On May 11 and 12 at Hôtel La Réserve in Geneva, Phillips in Association with Bacs & Russo is hosting a highly anticipated double evening sale—The Geneva Watch Auction: NINE.
The sale will be led by the George Daniels Grand Complication pocket watch, made in 1987. Known as a watch of extreme historical importance, the piece signifies the high caliber of the other exceptional timepieces. The Daniels Grand Complication has shined for its mechanical prowess and unique horological design, making it one of the most sought-after pieces for seasoned collectors all over the globe.
A unique, spectacular and historically important yellow gold pocket watch, the Grand Complication features several complications including an instantaneous perpetual calendar with retrograde date and minute repeater with moonphases, thermometer, power reserve, equation of time, annual calendar, and one minute co-axial tourbillon.
“We are incredibly humbled to have been trusted with this once in a lifetime consignment and many savvy collectors will welcome it as such,” said Aurel Bacs, Senior Consultant of Bacs & Russo, and Alex Ghotbi, Head of Sales in Geneva. “Anyone even remotely interested in independent watchmaking will agree that George Daniels was probably the most talented watchmaker of the 20th century and that he represents the ‘Adam and Eve’ moment for what we describe today as independent watchmaking. Given the sheer complexity, number of complications, and unparalleled degree of craftsmanship, it is fair to say that the Grand Complication represents the pinnacle of Daniels’ work, who is himself the pinnacle of 20th century watchmaking.”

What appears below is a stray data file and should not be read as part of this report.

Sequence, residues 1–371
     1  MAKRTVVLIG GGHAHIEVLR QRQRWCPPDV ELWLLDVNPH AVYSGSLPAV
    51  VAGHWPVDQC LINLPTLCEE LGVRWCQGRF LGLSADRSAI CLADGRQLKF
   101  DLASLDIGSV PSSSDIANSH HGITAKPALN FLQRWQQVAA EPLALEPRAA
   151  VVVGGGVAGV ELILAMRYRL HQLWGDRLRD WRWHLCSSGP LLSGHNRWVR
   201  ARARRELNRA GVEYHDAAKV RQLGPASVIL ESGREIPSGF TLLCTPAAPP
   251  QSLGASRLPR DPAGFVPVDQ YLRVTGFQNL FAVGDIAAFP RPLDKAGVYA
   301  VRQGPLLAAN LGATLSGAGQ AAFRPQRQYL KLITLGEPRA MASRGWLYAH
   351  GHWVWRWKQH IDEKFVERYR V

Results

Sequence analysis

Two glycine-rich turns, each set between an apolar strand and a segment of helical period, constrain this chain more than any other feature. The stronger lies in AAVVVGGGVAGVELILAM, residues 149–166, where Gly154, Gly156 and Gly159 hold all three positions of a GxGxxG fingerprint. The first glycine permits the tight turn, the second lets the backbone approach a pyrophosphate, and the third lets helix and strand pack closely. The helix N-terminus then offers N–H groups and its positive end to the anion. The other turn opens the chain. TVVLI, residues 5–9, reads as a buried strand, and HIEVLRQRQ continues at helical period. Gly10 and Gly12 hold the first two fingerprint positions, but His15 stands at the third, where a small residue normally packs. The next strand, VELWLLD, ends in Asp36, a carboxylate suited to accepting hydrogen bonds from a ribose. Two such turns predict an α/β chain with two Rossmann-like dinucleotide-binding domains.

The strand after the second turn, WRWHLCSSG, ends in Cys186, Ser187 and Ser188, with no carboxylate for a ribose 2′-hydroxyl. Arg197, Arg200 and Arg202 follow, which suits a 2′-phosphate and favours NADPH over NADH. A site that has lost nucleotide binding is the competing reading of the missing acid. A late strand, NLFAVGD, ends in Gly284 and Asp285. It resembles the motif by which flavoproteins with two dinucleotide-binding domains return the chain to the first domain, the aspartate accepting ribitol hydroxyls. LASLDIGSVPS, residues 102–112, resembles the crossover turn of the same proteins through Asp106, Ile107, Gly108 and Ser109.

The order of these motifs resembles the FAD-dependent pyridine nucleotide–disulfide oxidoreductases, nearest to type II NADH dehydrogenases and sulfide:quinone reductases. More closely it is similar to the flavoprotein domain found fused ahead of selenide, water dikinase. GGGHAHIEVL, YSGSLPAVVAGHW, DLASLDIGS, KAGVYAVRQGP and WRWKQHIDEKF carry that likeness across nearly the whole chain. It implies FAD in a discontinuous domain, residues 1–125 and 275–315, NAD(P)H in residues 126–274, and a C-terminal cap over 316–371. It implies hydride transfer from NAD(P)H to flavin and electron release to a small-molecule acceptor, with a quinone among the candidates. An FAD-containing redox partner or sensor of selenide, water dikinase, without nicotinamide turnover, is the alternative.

The sale follows with over 200 other iconic timepieces—from Rolex to Vacheron Constantin, and from MB&F to Patek Philippe, with several styles and eras of watchmaking represented throughout the sale. Anniversary and nautilus pieces are complemented by a fine selection of pocket watches and stand-up clocks, all varying in size, material, and craftsmanship.
Another highlight is a significant wristwatch that was recently rediscovered after 60 years in a private vault—the Vacheron Constantin Minute Repeater with Retrograde Calendar. Completed in 1940, the yellow gold piece took four years to make and became known as the “Don Pancho” in reference to its then-owner’s nickname.
“We believe this is one of the most important wristwatches in the world. Previously, the only record of this watch being made was a black and white picture of the watch, which fascinated us,” continued Bacs and Ghotbi. “Both of us have been dreaming and talking about this watch for years, and finally, we can say it is not a myth, but a real treasure. There was, in the 1930s, no other calendar wristwatch with retrograde date and minute repeater, so it was a revolutionary watch, made to measure for a very important patron. Given that there is nothing like it and that it is the masterpiece of Vacheron Constantin’s wristwatch production of the 20th century, we believe this watch is the very definition of a museum quality timepiece.”